Padanaram harbor plan nearing completion as public input sessions wrap up
Residents had a chance to share feedback on a new plan for Padanaram at a meeting on Wednesday. The plan, developed by UMass Boston’s Urban Harbors Institute, outlines 14 topics affecting the harbor and its future, including everything from land use and public access to climate change and emergency responses.
Officials emphasized that the plan is a collection of recommendations, and the proposals will have to be approved and funded by the town.
In an introduction, Select Board member David Tatelbaum thanked the volunteers, town employees, and the representatives from the Harbors Institute, Kristin Uiterwyk and Steve Bliven, for their hard work, and said that it is up to the town to come to a consensus and put the plan into action.
“It may bring out the best in our town and it may bring out the worst in our town,” Tatelbaum said. “It’s up to us to do the job.”
Uiterwyk and Bliven presented a summary of the plan, which runs to nearly 200 pages. A top priority is clarifying the responsibilities of the many entities that have some jurisdiction over the harbor, including the Harbor Master, Department of Public Works, and the Conservation Commission, and enabling better communication between entities. Another related goal is making sure that plans for the harbor are prioritized and managed in an effective way.
Another communication related concern is emergency management. People who witness an emergency at the harbor might be unsure who to call for help: the Harbor Master, Fire District No. 1, or the police. There is not currently an oil spill coordinator in town.
The plan also emphasizes the need to be prepared for flooding events and climate change.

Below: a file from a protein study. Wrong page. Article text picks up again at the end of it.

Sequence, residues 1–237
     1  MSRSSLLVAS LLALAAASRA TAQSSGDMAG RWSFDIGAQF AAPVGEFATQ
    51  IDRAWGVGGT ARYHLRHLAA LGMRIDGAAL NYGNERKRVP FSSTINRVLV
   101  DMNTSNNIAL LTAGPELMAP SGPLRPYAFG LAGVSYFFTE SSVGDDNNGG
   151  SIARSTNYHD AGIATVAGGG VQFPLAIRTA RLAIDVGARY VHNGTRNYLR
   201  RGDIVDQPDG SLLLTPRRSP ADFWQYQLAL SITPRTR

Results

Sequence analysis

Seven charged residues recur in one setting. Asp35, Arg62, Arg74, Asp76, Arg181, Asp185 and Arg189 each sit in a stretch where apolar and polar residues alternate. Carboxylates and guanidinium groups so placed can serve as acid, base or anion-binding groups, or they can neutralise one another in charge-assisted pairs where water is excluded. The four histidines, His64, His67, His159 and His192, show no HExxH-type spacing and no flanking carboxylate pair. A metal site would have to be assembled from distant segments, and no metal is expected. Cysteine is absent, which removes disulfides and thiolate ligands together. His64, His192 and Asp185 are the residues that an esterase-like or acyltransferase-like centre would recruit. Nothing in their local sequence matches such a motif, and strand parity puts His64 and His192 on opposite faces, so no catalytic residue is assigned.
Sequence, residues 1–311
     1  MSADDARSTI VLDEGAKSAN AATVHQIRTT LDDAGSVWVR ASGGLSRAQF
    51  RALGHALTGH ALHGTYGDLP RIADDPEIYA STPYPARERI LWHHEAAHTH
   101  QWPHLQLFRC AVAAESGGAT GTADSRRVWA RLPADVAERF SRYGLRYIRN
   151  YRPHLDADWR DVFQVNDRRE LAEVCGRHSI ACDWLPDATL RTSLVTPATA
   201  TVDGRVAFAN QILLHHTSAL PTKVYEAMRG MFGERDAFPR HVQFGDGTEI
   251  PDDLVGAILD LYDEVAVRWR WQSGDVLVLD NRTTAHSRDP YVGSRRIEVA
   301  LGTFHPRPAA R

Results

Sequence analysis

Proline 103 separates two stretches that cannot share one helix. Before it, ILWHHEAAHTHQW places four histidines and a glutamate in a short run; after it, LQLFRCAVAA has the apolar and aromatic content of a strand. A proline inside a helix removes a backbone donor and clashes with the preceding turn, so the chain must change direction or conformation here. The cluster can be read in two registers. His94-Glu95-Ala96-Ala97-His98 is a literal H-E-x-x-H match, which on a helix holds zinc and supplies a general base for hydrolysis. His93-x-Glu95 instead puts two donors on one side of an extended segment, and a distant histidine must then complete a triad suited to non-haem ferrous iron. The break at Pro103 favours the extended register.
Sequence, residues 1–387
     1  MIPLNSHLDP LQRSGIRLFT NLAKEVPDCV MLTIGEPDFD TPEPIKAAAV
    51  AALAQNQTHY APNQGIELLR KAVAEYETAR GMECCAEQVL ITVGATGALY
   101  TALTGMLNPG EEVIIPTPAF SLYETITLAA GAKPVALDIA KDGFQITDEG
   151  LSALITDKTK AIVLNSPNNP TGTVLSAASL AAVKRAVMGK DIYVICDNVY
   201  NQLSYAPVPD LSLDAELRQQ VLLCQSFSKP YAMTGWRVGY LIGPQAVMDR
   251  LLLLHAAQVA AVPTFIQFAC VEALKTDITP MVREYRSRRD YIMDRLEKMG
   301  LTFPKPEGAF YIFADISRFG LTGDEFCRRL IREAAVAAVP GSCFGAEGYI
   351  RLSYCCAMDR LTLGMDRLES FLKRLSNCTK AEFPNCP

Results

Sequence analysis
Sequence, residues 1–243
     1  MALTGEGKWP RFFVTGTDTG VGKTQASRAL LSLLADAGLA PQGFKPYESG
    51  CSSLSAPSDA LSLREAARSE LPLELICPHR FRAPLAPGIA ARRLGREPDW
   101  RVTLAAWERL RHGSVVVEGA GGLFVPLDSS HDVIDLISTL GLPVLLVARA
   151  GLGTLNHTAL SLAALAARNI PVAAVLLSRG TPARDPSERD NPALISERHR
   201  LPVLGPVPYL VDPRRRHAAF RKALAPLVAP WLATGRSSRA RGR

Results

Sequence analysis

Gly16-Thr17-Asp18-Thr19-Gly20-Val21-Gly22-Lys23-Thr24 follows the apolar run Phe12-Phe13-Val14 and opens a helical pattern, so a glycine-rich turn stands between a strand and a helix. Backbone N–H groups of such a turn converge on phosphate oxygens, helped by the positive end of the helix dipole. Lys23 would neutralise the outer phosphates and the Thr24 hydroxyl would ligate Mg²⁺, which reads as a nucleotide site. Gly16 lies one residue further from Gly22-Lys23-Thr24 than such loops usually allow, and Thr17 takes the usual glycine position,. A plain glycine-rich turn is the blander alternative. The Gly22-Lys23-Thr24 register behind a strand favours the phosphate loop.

“If you live on the water, you’re gonna get wet eventually,” said Bliven, a Dartmouth resident, who cited storm surges and flooding as particularly concerning, especially as the sea level rises. According to the plan, the town should investigate and prepare for flooding events that could displace boats, submerge Smith Neck Road, or overflow the village’s storm drains.
Other priorities outlined are environmental.
“The idea came up that it would be great to restore water quality in Padanaram Harbor to a level that would sustain eel grass,” Uiterwyk said. Environmental concerns for the harbor include nitrogen pollution, pathogens, or bacteria that affect the biodiversity of the harbor and could close beaches and shellfish beds.
Other environmental goals include the preservation of open space and enforcement of existing bylaws with environmental impacts.
The plan also addresses commercial and recreational use of the harbor, the harbor’s navigability, recreational and commercial fishing access, and public access by boat, on foot, and by sight through the preservation of scenic vistas.
The Harbor Plan also extends beyond the water to Padanaram Village, addressing concerns like parking and the preservation of historic and cultural resources.
Several meeting attendees gave feedback. Stephen Taylor emphasized the importance of fixing the bridge.
“I really like the town the way it is,” another resident said, before expressing concerns about the town working to draw tourists.
The comment period for the plan is open through the end of the week. Comments can be emailed to Uiterwyk at Kristin.Uiterwyk@umb.edu. Uiterwyk is available by phone at 617-287-5570.
The plan will be presented to the Planning Board at its February 25 meeting and to the Select Board in March.
The full plan is available on the town’s website.